Within its tranquil and rustic climes, Anne Marie's Carriage House Bistro rustles up gourmet comfort fare for an eclectic menu of late-morning nibbles and midday noshables. Celebrate a day away from the office and its cruelly mocking copy machines with weekend brunch fare such as the bistro benedict, a split muffin topped with ancho smoked beef, fried eggs, and hollandaise ($10), or one of two varieties of jalapeño-cheddar french toast ($10–$12). At lunch, meat mavens can indulge in the Carriage House meatloaf ($11) and South Texas cheesesteak ($9), while veggivores can keep their plant-loving mandibles from latching onto the botanical garden’s nearby flora by busying them with a garden hoagie, which comes loaded with seared portobello mushrooms, eggplant tapenade, jalapeño cream cheese, red bell pepper, onion, and provolone ($8). The bistro is open Tuesday–Friday from 11 a.m. to 2 p.m., with brunch served on weekends from 9 a.m. to 2 p.m.
Chef Luca Della Casa sends out artfully designed small plates at Nosh, where "nearly everything is made in-house and it shows," according to my SanAntonio. Here, the chefs encourage diners to connect over shareable bites of gourmet cuisine. They serve plates of tagliatelle pasta with salmon and mushroom-and-parmesan fried risotto balls in a family-style manner—minus the traditional arm-wrestling match for the last slice of pizza. On the patio or inside the cozy dining room, diners can pair grownup snacks—such as cheese plates and truffle-oil french fries—with a wide variety of wines or specialty cocktails that rotate regularly.
The crew at The District regularly reroute the holds on its climbing walls to keep clients guessing. While music pumps through the gym’s speakers, visitors can try out slacklining—or walking across a wide nylon webbing suspended between two points—and strengthen their arms on punching bags and gymnast rings. The space is open 24 hours a day to fit any schedule and accommodate sleepwalkers.
Since 1980, chef Francois Maeder has crafted artful European entrees in Crumpets Restaurant & Bakery's scenic, forest-surrounded dining haven, prompting accolades from Esquire, TripAdvisor, and OpenTable. A creek bustles beneath the bridge leading to the dining room's entrance, flanked by oak trees and a spacious patio for alfresco dining. Inside, exposed brick and tall, floor-to-ceiling windows inculcate elegance, and a painstakingly built menu of pasta, meat, and fresh seafood dishes highlights options that are heart-healthy, like running from a bear or running after a cardiologist. By request, cooks can poach or charbroil certain entrees with a nonfat Santa Elena sauce of vegetables in a cabernet reduction. Crumpets' lineup of delectable baked goods charms sweet teeth by feeding them croissants, cakes, flans, and pastries, and rotating wines from around the world arrive monthly, like new moons and new presidents.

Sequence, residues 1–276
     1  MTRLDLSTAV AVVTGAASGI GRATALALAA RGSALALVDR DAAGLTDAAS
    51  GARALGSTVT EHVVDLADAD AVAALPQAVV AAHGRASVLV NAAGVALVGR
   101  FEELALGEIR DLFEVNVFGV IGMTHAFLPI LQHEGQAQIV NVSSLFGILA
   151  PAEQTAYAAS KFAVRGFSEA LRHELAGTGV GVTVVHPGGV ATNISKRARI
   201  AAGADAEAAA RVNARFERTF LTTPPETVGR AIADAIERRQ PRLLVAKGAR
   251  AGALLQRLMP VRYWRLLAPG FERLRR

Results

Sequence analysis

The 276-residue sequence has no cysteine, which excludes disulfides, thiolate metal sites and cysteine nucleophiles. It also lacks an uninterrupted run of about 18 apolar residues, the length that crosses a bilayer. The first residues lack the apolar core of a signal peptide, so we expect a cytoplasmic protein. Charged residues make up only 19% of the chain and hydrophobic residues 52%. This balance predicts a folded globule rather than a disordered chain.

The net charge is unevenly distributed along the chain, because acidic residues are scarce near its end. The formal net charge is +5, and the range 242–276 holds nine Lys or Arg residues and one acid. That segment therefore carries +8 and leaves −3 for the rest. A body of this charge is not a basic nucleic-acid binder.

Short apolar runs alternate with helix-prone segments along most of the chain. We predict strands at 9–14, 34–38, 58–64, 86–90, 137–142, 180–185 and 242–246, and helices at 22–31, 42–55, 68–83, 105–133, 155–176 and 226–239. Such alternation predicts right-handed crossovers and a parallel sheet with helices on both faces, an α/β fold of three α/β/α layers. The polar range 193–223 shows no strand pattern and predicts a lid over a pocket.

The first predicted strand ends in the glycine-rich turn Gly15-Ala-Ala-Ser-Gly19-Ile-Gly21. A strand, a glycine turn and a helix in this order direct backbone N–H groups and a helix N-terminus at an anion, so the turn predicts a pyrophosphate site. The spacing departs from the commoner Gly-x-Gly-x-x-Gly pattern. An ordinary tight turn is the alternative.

Tunes played on the harp or keyboard during musical performances on Fridays, Saturdays, and Sundays fill the air with pleasantly sonorous vibrations to match the ambrosial cuisine scents wafting overhead. For more primal culinary outings, diners may be tempted to accompany Chef Maeder on gourmet rafting trips, which carry attendees through canyons and campsites with the promise of palatable rations and lessons in catfish calls.
Chef Frederick Costa teams with his brother Michel to craft inventive fusions of French and Asian cuisine at an eatery lauded by USA Today as one of the top five restaurants to eat at in San Antonio while on a business trip. Thought born in Vietnam, the culinary siblings soon moved to France, where they strengthened their skills dead-lifting pepper grinders at their parents' gourmet restaurants. Visitors to the eatery can sample succulent meats and veggies crafted from Frederick's mother's own recipes or opt for one of the chef's more recent creations. The San Antonio Express-News lauds Frederick's as having seafood dishes that "are routinely among the best in town"
At Ciao Lavanderia, the revolving seasons dictate an eclectic menu of classic Italian spreads served amid a framework of dark red walls and crisp white tablecloths. To start, warm focaccia bread escapes the confinement of a wood-burning oven or overheated bounce house to rest alongside ambrosial rosemary, Italian herbs, and roasted red peppers. Capellini basilico leads a quartet of pastas, melodically uniting fresh tomatoes and olive oil among the drifts of angel-hair pasta. Diners can demolish the sausage-and-ricotta stratums of lasagna, or grapple with a tag team of prosciutto-wrapped pork and creamy herb polenta. Italian desserts cap off meals in a sweetened flurry as panna cotta arrives drenched in a fruity sauce and mouthfuls of chocolate gelato temporarily pause conversations or conceal diamond-studded bicuspids.